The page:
Live Loads for Common Residential ConstructionArticles > Live Loads for Common Residential Construction
|Application||Uniform Load||Concentrated Load|
|Slope ≥ 4:12||15 psf||250 lbs|
|Flat to 4:12 slope||20 psf||250 lbs|
|With limited storage||10 psf||250 lbs|
|With storage||20 psf||250 lbs|
|Bedroom areas||30 psf||300 lbs|
|Other areas||40 psf||300 lbs|
|Garages||50 psf||2,000 lbs (vans, light trucks)
1,500 lbs (passenger cars)
|Decks||40 psf||300 lbs|
|Balconies||60 psf||300 lbs|
|Stairs||40 psf||300 lbs|
|Guards and handrails||20 plf||200 lbs|
|Grab bars||N/A||250 lbs|
- Live load values should be verified relative to the locally applicable building code.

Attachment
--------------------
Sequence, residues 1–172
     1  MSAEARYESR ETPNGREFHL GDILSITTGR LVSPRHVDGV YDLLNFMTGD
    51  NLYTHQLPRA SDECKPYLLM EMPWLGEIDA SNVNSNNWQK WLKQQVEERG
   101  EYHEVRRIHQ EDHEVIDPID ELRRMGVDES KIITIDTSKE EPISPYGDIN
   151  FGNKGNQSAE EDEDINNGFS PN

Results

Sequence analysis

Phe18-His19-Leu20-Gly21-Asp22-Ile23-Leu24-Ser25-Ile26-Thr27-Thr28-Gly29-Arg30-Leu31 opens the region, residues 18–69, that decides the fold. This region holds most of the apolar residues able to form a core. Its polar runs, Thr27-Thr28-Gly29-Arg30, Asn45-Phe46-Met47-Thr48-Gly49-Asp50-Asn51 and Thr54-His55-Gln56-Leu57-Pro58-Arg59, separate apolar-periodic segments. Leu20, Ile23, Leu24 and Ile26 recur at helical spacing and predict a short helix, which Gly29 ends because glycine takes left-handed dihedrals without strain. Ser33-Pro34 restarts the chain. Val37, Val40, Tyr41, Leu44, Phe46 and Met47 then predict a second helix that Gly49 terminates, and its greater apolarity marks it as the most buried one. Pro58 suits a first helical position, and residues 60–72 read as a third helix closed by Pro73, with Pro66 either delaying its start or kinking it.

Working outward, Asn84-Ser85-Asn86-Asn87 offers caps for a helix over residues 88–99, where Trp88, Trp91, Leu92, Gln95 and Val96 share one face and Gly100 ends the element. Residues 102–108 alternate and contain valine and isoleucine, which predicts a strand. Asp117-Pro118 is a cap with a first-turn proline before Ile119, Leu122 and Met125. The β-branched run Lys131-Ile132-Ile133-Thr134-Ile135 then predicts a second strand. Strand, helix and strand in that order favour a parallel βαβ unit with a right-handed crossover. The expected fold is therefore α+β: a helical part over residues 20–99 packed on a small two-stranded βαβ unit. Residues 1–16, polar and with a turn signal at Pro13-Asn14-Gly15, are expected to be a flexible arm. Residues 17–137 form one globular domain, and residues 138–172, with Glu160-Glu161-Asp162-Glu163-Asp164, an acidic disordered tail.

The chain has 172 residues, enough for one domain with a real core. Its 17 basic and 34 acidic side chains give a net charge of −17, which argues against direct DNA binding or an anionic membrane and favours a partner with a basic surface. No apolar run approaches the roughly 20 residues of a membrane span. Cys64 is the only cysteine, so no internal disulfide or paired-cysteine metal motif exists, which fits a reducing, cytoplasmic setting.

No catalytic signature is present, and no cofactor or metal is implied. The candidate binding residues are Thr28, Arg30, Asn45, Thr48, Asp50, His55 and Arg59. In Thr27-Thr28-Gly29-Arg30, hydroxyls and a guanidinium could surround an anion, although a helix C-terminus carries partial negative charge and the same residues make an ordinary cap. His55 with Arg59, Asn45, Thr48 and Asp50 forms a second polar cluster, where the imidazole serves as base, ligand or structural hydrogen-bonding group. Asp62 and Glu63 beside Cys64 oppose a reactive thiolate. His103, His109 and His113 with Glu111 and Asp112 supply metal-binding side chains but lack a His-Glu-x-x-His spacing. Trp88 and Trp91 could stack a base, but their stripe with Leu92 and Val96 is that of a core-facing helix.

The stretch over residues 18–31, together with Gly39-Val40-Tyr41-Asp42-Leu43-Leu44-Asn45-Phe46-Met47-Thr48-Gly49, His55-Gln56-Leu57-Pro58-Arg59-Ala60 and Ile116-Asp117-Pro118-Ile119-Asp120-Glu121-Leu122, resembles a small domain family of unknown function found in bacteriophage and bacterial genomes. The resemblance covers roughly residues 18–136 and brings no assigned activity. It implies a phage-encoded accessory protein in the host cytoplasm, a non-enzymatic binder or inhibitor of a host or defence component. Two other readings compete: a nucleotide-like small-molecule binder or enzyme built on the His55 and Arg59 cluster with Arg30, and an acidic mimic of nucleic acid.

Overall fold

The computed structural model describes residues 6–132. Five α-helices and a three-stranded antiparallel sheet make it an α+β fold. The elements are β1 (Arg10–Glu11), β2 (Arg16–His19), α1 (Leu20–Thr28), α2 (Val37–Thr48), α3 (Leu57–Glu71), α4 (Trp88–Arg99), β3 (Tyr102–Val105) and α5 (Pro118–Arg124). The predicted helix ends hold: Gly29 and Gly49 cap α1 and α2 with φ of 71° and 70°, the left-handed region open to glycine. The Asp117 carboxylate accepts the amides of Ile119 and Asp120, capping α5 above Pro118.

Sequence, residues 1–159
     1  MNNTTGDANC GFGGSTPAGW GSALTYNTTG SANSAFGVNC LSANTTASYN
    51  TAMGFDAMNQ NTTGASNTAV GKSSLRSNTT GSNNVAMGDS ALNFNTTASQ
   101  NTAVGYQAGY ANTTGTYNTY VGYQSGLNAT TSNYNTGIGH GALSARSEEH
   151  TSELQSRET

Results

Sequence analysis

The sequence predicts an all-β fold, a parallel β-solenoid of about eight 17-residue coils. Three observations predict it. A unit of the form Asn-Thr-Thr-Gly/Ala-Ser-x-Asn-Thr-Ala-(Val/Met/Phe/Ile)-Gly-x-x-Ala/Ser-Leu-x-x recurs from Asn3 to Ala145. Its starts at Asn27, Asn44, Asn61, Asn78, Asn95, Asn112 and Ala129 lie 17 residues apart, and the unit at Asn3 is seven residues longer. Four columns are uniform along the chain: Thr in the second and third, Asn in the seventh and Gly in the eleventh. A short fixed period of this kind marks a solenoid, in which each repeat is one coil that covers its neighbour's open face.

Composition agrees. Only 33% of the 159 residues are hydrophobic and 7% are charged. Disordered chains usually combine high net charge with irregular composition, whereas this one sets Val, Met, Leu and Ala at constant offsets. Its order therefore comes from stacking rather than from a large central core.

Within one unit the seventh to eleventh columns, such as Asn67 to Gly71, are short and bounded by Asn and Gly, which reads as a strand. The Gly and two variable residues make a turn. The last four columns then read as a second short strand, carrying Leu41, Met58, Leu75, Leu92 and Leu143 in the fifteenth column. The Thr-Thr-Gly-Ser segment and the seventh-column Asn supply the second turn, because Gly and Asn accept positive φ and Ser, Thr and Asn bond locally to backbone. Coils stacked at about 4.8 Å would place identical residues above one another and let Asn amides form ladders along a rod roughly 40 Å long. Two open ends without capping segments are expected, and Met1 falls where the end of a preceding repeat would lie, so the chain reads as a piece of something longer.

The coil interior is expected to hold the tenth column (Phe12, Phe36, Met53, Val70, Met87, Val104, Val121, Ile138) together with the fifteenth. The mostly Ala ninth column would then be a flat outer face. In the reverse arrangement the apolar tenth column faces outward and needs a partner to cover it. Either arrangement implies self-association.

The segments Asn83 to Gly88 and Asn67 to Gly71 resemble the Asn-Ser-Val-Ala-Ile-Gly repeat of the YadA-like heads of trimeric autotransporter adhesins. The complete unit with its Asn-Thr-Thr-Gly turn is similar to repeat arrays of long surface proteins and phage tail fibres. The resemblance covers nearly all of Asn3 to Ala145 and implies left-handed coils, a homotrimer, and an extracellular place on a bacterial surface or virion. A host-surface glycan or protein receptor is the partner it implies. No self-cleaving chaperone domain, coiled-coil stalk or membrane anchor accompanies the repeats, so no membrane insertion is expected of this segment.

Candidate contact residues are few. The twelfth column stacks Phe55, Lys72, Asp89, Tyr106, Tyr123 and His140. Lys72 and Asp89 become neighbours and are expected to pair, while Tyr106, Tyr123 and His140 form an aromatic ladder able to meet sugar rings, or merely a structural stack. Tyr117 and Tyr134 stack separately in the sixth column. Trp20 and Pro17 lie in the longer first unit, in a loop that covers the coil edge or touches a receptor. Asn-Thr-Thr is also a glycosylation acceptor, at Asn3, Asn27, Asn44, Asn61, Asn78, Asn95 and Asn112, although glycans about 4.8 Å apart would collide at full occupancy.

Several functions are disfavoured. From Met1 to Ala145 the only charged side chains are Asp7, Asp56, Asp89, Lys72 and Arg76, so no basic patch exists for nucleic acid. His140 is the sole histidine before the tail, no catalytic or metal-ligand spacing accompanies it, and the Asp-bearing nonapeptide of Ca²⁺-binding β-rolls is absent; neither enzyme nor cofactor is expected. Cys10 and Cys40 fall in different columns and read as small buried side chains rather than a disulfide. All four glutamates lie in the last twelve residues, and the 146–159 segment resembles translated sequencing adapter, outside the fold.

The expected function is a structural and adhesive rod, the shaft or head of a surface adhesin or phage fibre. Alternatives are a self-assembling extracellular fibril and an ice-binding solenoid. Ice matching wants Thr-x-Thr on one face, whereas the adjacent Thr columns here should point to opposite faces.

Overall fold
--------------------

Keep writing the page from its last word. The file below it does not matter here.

- Roof live loads are intended to provide a minimum load for roof design in consideration of maintenance and construction activities. They should not be considered in combination with other transient loads (i.e., floor live load, wind load, etc.) when designing walls, floors, and foundations. A 15 psf roof live load is recommended for residential roof slopes greater than 4:12; refer to ASCE 7-98 for an alternate approach.
- Loft sleeping and attic storage loads should be considered only in areas with a clear height greater than about 3 feet. The concept of a “clear height” limitation on live loads is logical, but it may not be universally recognized.
- Some codes require 40 psf for all floor areas
- Typical Load Combinations For Residential Buildings Design
- Load Combinations
- Dead Load vs Live Load
- Load Combinations of Concrete Design
- Solution of Maximum Uniformly Distributed Service Live Load That A Beam Can Support Based on Its Flexural Strength
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